US6835163B2 - Automated gear selection apparatus - Google Patents

Automated gear selection apparatus Download PDF

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Publication number
US6835163B2
US6835163B2 US10340135 US34013503A US6835163B2 US 6835163 B2 US6835163 B2 US 6835163B2 US 10340135 US10340135 US 10340135 US 34013503 A US34013503 A US 34013503A US 6835163 B2 US6835163 B2 US 6835163B2
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Prior art keywords
actuator
position
gear
shaft
instructions
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Expired - Fee Related, expires
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US10340135
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US20030126936A1 (en )
Inventor
Ross Eggleton
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Australian Concrete Garden Edging Pty Ltd
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Australian Concrete Garden Edging Pty Ltd
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    • FMECHANICAL ENGINEERING; LIGHTING; HEATING; WEAPONS; BLASTING
    • F16ENGINEERING ELEMENTS AND UNITS; GENERAL MEASURES FOR PRODUCING AND MAINTAINING EFFECTIVE FUNCTIONING OF MACHINES OR INSTALLATIONS; THERMAL INSULATION IN GENERAL
    • F16HGEARING
    • F16H61/00Control functions within control units of change-speed- or reversing-gearings for conveying rotary motion ; Control of exclusively fluid gearing, friction gearing, gearings with endless flexible members or other particular types of gearing
    • F16H61/26Generation or transmission of movements for final actuating mechanisms
    • F16H61/28Generation or transmission of movements for final actuating mechanisms with at least one movement of the final actuating mechanism being caused by a non-mechanical force, e.g. power-assisted
    • F16H61/32Electric motors actuators or related electrical control means therefor
    • FMECHANICAL ENGINEERING; LIGHTING; HEATING; WEAPONS; BLASTING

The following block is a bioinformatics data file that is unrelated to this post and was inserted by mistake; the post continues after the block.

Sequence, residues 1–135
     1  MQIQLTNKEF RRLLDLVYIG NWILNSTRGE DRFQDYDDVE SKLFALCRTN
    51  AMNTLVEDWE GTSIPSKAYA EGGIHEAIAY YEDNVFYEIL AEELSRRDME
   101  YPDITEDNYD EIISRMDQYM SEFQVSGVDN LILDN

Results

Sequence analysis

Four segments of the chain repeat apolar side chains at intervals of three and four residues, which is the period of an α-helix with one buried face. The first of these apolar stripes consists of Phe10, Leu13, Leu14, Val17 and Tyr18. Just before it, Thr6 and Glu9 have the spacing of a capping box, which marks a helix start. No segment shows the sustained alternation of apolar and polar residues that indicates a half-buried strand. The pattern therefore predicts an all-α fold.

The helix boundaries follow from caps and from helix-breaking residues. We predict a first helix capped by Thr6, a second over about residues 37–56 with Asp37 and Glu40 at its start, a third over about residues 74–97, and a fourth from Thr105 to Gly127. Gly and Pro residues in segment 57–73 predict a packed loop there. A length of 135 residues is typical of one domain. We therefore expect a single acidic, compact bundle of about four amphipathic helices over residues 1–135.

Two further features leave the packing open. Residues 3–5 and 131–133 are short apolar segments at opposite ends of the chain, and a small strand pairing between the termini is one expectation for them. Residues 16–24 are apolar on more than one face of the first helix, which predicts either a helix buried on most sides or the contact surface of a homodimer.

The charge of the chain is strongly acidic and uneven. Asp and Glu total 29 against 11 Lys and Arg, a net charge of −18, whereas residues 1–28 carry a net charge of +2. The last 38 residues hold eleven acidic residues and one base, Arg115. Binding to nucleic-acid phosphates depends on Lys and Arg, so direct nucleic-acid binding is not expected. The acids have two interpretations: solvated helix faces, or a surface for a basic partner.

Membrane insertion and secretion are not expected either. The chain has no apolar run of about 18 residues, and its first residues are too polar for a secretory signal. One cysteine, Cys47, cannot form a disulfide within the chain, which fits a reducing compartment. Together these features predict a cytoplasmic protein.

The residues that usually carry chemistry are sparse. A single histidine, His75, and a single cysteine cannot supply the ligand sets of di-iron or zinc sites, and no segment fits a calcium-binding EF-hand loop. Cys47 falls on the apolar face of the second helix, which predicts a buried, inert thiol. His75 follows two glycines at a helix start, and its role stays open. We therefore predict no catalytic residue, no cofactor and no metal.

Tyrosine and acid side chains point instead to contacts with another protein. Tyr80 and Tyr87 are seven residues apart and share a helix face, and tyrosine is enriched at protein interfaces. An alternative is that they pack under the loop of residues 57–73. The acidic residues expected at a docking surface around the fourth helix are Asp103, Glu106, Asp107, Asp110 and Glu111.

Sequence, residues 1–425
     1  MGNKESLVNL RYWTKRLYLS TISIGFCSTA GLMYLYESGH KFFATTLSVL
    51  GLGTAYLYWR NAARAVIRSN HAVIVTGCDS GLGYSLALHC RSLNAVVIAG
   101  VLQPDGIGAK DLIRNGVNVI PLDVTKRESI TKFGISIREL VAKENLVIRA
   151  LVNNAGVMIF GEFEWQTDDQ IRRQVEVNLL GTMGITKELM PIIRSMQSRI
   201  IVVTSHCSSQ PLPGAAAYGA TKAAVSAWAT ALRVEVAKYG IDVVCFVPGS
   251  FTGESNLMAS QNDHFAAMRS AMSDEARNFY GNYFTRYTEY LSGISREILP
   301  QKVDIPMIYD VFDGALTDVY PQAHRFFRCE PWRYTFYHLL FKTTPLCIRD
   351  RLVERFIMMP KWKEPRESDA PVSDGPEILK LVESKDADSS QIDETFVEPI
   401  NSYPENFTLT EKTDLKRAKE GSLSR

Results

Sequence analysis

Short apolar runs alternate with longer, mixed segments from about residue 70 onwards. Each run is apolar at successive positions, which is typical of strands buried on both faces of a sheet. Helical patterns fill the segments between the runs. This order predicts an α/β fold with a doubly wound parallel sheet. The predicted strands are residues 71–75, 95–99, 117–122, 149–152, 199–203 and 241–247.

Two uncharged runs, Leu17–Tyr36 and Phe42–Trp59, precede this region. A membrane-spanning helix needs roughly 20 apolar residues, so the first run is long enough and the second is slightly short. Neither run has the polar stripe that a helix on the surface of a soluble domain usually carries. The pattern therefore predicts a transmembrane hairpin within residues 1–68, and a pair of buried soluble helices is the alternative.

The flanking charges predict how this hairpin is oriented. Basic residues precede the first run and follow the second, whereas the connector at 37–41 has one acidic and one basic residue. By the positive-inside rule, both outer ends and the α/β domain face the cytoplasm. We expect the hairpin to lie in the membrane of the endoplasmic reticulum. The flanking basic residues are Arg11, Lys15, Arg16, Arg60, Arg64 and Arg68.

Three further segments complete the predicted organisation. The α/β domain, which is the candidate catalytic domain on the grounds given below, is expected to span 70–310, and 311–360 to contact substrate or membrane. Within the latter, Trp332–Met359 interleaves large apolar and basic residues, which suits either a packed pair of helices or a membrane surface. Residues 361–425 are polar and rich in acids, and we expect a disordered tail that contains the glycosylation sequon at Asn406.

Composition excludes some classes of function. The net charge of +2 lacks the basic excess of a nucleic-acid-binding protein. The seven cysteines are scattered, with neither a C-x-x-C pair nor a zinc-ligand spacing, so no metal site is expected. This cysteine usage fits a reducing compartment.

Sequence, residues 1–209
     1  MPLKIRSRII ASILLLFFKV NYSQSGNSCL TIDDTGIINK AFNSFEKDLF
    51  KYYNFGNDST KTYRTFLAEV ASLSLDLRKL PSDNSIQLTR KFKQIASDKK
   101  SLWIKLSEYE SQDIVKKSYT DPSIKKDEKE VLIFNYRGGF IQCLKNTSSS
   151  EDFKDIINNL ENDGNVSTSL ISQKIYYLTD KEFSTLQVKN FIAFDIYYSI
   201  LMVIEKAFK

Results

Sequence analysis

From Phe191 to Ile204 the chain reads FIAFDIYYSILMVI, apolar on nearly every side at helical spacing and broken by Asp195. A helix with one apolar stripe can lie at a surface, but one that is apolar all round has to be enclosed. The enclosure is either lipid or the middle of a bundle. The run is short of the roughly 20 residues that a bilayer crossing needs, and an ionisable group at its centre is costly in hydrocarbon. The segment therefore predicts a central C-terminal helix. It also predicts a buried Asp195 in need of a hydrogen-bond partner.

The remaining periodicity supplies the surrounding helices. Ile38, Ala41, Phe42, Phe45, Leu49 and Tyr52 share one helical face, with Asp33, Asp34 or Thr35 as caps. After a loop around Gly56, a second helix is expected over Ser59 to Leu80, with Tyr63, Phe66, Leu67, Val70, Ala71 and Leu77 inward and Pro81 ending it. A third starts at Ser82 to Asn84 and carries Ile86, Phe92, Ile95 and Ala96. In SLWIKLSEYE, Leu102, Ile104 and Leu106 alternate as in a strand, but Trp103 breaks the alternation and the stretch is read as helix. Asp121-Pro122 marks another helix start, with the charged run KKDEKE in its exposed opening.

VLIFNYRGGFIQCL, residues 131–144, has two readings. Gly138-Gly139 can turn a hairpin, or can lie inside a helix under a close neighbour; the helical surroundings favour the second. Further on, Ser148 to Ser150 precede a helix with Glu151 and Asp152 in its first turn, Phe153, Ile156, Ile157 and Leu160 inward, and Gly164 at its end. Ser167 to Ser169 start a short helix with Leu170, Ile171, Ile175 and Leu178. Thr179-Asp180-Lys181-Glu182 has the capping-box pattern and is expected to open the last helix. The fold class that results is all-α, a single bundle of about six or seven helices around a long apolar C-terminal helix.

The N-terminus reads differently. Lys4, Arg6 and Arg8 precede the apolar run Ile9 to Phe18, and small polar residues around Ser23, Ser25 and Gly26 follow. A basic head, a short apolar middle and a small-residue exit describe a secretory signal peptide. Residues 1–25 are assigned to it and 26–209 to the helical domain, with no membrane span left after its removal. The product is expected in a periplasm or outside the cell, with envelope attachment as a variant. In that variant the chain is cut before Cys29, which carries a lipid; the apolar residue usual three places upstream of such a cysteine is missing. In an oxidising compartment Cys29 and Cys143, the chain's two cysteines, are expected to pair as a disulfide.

• F16ENGINEERING ELEMENTS AND UNITS; GENERAL MEASURES FOR PRODUCING AND MAINTAINING EFFECTIVE FUNCTIONING OF MACHINES OR INSTALLATIONS; THERMAL INSULATION IN GENERAL
    • F16HGEARING
    • F16H61/00Control functions within control units of change-speed- or reversing-gearings for conveying rotary motion ; Control of exclusively fluid gearing, friction gearing, gearings with endless flexible members or other particular types of gearing
    • F16H61/26Generation or transmission of movements for final actuating mechanisms
    • F16H61/28Generation or transmission of movements for final actuating mechanisms with at least one movement of the final actuating mechanism being caused by a non-mechanical force, e.g. power-assisted
    • F16H2061/283Adjustment or calibration of actuator positions, e.g. neutral position
    • FMECHANICAL ENGINEERING; LIGHTING; HEATING; WEAPONS; BLASTING
    • F16ENGINEERING ELEMENTS AND UNITS; GENERAL MEASURES FOR PRODUCING AND MAINTAINING EFFECTIVE FUNCTIONING OF MACHINES OR INSTALLATIONS; THERMAL INSULATION IN GENERAL
    • F16HGEARING
    • F16H59/00Control inputs to control units of change-speed-, or reversing-gearings for conveying rotary motion
    • F16H59/02Selector apparatus
    • F16H59/08Range selector apparatus
    • F16H59/12Range selector apparatus comprising push button devices
    • YGENERAL TAGGING OF NEW TECHNOLOGICAL DEVELOPMENTS; GENERAL TAGGING OF CROSS-SECTIONAL TECHNOLOGIES SPANNING OVER SEVERAL SECTIONS OF THE IPC; TECHNICAL SUBJECTS COVERED BY FORMER USPC CROSS-REFERENCE ART COLLECTIONS [XRACs] AND DIGESTS
    • Y10TECHNICAL SUBJECTS COVERED BY FORMER USPC
    • Y10TTECHNICAL SUBJECTS COVERED BY FORMER US CLASSIFICATION
    • Y10T477/00Interrelated power delivery controls, including engine control
    • Y10T477/60Transmission control
    • Y10T477/688Transmission controlled by engine
    • YGENERAL TAGGING OF NEW TECHNOLOGICAL DEVELOPMENTS; GENERAL TAGGING OF CROSS-SECTIONAL TECHNOLOGIES SPANNING OVER SEVERAL SECTIONS OF THE IPC; TECHNICAL SUBJECTS COVERED BY FORMER USPC CROSS-REFERENCE ART COLLECTIONS [XRACs] AND DIGESTS
    • Y10TECHNICAL SUBJECTS COVERED BY FORMER USPC